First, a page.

As far as buyers are concerned, the prices of houses are dependent on the market forces of supply and demand and not just on costing. With the current property market being somewhat sluggish, most developers will absorb the extra costs and thus, buyers will still be able to purchase homes at the same price. 

Sr Samuel Tan, Executive Director of KGV International Property Consultants Sdn Bhd

The shortage of steel supply was a direct result of importers being hit by an oversupply situation just a few months ago, which caused these importers to incur losses.

This inconsistency will result in a volatile market that can cause the construction sector to adopt a price adjustment to the contract, based on current market value. All these will certainly affect the industry and costing.

If prolonged, the price hike will undoubtedly lead to an increase in house prices, especially for the affordable properties. This segment is very sensitive to any fluctuation in the price of raw materials due to its low-profit margin.

Datuk Anthony Adam Cho, JP, Branch Chairman of Real Estate & Housing Developers’ Association (REHDA) Malacca


The price hike will affect all segments of the property market – residential, commercial and industrial, especially when coupled with the Goods & Services Tax (GST). Some developers might pass on this cost to consumers translating to a higher price per sq ft.

The market is already in the doldrums. This will have a double whammy in an already quiet market. Developers will need to find new construction methods and creative financing schemes to continue attracting buyers.

Khalil Adis,’s brand ambassador (Iskandar Malaysia), property speaker and author

A Developer’s Side of the Coin

When questioned on how developers are coping with the price uptrend, Koh Sooi Meng, Deputy General Manager of S P Setia Group revealed that the group had already, in fact, anticipated the price hike in November 2015.

Prompted by its in-house trading marketing team’s advice, the developer has taken pro-active steps to mitigate the effects of the predicted price surge.

“At that time, we spoke to all of our contractors beforehand regarding each developments’ progress and forecasted the total amount of steel required. We then gave them sufficient funds to procure additional steel bars based on projected amounts,” he explained.

The developer had negotiated with local steel manufacturers to lock in future steel purchases using the current price at that time.

“I am glad to say that our pre-emptive measure has worked well as we have enough steel supply to tide us over in the next 6 months. Also, as we have urged our contractors to speed up construction end of last year, most of our projects have already completed the structural stage, thus guaranteeing that there will not be any delays in construction,” shared Koh.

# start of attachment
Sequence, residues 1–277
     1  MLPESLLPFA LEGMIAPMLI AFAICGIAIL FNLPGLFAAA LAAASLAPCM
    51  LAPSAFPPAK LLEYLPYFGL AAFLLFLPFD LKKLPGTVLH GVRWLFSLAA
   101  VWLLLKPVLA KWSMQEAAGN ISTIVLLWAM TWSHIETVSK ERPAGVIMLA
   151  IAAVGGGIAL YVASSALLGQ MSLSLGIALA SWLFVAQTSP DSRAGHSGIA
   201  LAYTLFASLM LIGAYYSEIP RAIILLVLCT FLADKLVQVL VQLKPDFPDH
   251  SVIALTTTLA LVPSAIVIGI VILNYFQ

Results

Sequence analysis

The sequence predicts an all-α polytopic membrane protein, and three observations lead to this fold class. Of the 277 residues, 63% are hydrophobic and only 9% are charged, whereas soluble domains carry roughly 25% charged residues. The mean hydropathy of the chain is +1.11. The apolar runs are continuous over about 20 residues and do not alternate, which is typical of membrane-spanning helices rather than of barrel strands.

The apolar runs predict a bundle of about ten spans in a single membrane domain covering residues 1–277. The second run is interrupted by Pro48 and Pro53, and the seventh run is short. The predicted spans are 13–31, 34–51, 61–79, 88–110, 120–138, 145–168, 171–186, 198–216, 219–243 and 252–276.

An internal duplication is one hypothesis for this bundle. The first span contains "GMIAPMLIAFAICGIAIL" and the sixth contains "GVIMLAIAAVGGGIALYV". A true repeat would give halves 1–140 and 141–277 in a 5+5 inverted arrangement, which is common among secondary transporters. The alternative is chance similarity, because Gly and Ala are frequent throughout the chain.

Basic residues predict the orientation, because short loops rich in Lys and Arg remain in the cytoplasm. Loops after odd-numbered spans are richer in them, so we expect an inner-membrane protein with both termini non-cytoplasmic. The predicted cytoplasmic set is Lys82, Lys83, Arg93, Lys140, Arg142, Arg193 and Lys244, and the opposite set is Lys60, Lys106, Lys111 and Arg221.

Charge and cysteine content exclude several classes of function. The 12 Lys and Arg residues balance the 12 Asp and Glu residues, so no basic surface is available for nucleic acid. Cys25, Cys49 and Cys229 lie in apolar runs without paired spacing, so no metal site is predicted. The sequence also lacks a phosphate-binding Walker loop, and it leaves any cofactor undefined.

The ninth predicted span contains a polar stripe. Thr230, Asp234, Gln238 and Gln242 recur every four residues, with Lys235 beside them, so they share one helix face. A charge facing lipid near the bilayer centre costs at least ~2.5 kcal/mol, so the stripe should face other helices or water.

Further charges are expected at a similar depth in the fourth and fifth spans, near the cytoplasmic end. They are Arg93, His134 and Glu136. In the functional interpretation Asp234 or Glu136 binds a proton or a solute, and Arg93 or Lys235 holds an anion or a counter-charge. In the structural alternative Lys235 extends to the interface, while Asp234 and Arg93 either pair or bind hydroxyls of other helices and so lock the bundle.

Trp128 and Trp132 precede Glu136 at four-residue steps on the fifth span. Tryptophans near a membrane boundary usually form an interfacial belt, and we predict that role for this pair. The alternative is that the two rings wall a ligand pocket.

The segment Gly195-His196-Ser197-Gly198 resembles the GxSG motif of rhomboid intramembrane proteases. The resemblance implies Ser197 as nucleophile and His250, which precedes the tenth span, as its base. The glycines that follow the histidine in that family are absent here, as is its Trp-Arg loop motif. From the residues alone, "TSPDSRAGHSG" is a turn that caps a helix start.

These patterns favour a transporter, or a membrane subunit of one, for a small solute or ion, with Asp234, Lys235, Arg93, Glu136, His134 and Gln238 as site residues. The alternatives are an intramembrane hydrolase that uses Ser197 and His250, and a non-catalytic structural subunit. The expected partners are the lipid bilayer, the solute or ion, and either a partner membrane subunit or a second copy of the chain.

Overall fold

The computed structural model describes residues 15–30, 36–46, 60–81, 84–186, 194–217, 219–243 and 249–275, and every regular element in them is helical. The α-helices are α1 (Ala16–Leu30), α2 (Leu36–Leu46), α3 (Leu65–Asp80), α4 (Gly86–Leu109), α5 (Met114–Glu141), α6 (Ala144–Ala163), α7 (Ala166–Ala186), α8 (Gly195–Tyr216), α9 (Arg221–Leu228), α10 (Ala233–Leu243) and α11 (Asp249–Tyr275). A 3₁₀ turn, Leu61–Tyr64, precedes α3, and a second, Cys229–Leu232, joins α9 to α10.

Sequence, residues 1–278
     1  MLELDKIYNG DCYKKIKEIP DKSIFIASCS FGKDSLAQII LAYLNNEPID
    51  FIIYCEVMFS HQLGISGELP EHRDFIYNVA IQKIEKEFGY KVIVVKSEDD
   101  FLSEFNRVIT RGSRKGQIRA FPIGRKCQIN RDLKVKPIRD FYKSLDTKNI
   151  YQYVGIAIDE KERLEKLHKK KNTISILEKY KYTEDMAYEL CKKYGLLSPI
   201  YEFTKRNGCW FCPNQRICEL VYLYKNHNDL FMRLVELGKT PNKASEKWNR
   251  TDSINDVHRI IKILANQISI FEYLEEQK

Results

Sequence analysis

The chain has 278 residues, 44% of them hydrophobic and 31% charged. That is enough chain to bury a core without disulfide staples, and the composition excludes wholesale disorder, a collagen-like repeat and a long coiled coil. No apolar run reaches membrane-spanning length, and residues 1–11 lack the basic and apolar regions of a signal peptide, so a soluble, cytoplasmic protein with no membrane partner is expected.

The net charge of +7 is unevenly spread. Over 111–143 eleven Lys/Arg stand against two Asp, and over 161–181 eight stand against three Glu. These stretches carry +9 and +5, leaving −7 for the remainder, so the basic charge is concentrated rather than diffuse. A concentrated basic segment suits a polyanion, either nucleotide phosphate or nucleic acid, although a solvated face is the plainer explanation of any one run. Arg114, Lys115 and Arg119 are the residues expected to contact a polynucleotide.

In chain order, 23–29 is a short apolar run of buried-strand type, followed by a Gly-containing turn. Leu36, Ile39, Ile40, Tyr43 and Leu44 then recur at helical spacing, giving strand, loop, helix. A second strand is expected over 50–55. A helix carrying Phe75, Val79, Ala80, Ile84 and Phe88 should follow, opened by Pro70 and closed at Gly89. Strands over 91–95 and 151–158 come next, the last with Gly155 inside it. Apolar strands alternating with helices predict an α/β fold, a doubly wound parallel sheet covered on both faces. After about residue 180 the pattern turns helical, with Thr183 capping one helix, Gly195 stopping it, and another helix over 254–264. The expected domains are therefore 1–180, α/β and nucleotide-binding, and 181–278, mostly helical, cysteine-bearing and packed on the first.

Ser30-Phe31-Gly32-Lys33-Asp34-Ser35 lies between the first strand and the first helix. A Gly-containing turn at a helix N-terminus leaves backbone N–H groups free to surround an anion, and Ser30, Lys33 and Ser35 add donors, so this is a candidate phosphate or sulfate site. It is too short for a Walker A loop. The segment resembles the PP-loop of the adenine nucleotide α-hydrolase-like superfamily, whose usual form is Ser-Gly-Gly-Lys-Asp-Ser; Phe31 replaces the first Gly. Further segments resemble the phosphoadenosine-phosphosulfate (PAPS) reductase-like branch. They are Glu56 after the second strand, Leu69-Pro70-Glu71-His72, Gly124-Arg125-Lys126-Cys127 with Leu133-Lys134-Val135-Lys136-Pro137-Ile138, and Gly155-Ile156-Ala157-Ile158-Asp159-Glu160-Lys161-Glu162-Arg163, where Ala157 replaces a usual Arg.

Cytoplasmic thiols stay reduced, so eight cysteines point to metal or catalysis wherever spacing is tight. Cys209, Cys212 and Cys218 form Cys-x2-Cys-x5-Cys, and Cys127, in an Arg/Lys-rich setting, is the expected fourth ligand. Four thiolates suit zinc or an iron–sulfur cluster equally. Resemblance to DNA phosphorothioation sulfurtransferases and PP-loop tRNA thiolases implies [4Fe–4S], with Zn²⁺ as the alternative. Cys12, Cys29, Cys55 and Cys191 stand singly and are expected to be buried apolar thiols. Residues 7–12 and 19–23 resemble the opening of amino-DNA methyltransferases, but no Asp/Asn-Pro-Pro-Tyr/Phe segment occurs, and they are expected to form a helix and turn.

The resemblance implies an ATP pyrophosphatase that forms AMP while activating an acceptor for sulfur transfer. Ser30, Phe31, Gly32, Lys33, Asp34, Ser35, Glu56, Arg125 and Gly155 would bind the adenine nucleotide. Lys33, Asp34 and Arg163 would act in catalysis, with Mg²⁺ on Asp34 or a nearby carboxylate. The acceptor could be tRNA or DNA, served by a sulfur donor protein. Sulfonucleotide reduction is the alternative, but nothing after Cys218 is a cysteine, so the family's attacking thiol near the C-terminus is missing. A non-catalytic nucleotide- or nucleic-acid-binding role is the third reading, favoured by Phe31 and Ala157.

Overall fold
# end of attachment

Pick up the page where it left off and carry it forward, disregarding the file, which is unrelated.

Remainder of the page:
According to him, a typical double storey terrace house requires roughly 3 tonnes of steel. Factoring in the price increase, it will now cost an additional RM2,500. When set against the total development cost, however, the increase in costs will not exceed 5%.

With S P Setia having taken preventative measures, there will be minimal increase in total development costs; which will be absorbed by the developer.

“Ultimately, we want to protect home buyers’ interest, especially in these challenging times,” says Koh.

He believes that most prominent developers have already locked in the prices for the essential construction raw materials early this year. In contrast, smaller developers would have a more challenging time as they possess a lower bargaining power in terms of production volume and payment abilities.

In order to help stabilize steel bar prices within the next few months, Koh said that most developers are hoping that the government will abolish the import tax on steel bars from China and/or other countries. Something must be done by the relevant authorities to help mitigate the effects of the steel price increase and price volatility for the next few months, as it is problematic for contractors when tendering prices,” he suggests. He also hopes that more will be done to promote an open market and healthier competition among local manufacturers.

Koh is certain that the steel shortage is temporary and prices will stabilize in the next 6 months. He quoted that the Malaysia Steel Association (MSA) expect steel prices to moderate within the next few months both domestically and internationally.

Furthermore, he pointed out that as the current demand for properties is not as high as compared to a few years ago, the construction industry is not at its peak, hence, the steel supply would catch up with the market demand soon enough.

This article was first published in the Malaysia June 2016 Magazine. Get your copy from selected news stands or view the magazine online for free at  Better yet, order a discounted subscription by putting in your details in the form below!